EXPERIMENTS IN HAPPINESS
Paula Poundstone took action by putting both her not-so-Olympic body and sharp observational wit to the test in her get-happy book. The key finding in her seven-year, hands-on joy quest? “The truth is,” she notes, “the only thing that really makes people happy is ping-pong.”
She’s joking, of course. At least in part: Her tome’s new paperback edition adds table tennis to her lineup of 14 get-happy experiments—which include getting organized, getting quiet, getting earthy, and getting warm and fuzzy—that the sometimes cheeky comic earnestly undertook. “Ping-pong did make me happy,” she says. And a day-long tournament kept her so, even as she embarked on “a horrible errand having to do with family drama that night. I literally went from playing ping-pong to going to the airport, and I still had a bounce in my step until the morning.”
Sustainable happiness became the gold standard in her experiential pursuit. “It wasn’t a matter if I enjoyed doing something. It was a matter if that thing gave me an uplift or some sort of umbrella for the inevitable on-and-off rains of one’s daily life. That’s the real question,” says the wry panelist of NPR’s hit quiz show Wait Wait … Don’t Tell Me. And the answers? “If I had thought about building to a crescendo of happiness, I would’ve saved the Get Fit experiment until the end.” To this day, in fact, she continues taking taekwondo.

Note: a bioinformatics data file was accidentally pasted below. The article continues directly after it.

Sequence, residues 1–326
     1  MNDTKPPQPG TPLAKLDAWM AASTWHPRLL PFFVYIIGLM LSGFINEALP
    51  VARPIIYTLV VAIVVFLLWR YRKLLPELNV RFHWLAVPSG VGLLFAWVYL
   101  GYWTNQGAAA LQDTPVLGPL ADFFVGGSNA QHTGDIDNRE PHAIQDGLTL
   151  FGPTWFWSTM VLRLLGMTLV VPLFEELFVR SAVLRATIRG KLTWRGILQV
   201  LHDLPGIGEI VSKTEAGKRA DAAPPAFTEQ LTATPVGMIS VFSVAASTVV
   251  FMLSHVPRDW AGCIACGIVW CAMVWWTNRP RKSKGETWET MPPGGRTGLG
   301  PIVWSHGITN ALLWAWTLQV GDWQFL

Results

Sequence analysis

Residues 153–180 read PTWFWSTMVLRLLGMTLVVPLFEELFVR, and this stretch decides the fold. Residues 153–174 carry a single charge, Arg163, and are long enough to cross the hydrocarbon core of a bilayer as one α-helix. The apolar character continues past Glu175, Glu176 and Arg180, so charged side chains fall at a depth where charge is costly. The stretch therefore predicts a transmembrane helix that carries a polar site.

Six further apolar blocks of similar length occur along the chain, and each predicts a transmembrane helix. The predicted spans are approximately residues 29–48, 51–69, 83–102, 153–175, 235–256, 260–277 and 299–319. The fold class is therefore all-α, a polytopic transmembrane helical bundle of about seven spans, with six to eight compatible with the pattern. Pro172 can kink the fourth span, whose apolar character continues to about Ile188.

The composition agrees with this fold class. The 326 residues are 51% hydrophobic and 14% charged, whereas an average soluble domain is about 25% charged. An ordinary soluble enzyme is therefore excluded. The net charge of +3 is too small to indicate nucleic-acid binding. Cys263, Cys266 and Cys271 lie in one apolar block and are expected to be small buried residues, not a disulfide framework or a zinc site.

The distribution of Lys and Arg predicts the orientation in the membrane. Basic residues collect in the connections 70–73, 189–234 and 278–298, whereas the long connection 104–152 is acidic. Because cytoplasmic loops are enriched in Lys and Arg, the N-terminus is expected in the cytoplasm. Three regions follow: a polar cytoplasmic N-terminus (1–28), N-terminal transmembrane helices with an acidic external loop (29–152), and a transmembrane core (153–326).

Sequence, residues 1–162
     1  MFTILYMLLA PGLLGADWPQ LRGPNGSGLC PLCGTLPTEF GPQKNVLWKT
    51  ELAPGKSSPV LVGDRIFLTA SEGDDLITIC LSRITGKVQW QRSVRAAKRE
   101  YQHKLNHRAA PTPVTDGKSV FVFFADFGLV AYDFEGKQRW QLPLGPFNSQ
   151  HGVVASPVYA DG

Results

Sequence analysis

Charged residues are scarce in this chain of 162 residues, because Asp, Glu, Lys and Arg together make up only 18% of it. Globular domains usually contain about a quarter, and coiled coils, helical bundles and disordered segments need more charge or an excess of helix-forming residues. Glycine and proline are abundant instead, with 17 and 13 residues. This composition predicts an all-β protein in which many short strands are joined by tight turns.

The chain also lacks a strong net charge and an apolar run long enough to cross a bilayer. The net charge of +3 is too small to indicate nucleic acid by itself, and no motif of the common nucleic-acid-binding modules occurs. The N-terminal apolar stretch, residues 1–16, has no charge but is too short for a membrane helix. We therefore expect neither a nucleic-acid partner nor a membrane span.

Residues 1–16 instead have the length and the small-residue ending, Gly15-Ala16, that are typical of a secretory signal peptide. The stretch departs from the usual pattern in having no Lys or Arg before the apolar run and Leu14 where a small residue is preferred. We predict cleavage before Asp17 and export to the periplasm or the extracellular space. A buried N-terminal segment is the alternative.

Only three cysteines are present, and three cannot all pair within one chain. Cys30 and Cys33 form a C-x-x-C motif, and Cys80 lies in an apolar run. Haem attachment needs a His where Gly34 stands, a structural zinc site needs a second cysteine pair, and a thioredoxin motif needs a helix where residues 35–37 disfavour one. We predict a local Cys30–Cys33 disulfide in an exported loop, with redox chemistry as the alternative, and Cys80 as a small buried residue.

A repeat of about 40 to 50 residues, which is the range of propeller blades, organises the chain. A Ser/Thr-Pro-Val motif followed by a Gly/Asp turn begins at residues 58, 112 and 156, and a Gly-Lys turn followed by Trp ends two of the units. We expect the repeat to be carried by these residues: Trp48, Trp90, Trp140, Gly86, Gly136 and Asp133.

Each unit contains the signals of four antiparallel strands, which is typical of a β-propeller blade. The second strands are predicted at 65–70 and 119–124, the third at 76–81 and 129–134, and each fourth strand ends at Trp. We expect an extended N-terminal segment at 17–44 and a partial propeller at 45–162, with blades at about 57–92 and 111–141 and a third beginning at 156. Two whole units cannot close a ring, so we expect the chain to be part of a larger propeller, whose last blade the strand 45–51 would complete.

Engaging her heart via real-life interactions has kept her light on her feet with umbrella in hand, at times like a Mary Poppins for seniors. Two years after wrapping her Get Over Here and Help experiment, the author still volunteers twice weekly at a nursing home—in part as a tribute to a lively but lonely, and, sadly, now deceased, resident whose fun and funny ways she chronicles in her book. “Everyone deserves to have somebody that you look forward to seeing and that remembers you,” Poundstone says. And as she keeps giving, she still receives. “I feel better every single time I visit. Something always happens that I’m not expecting—a connection.”
At times, the path to bliss takes creative experimentation. Poundstone was her own glee-hunting guinea pig, finding activities to put her on the path to those feel-good feelings.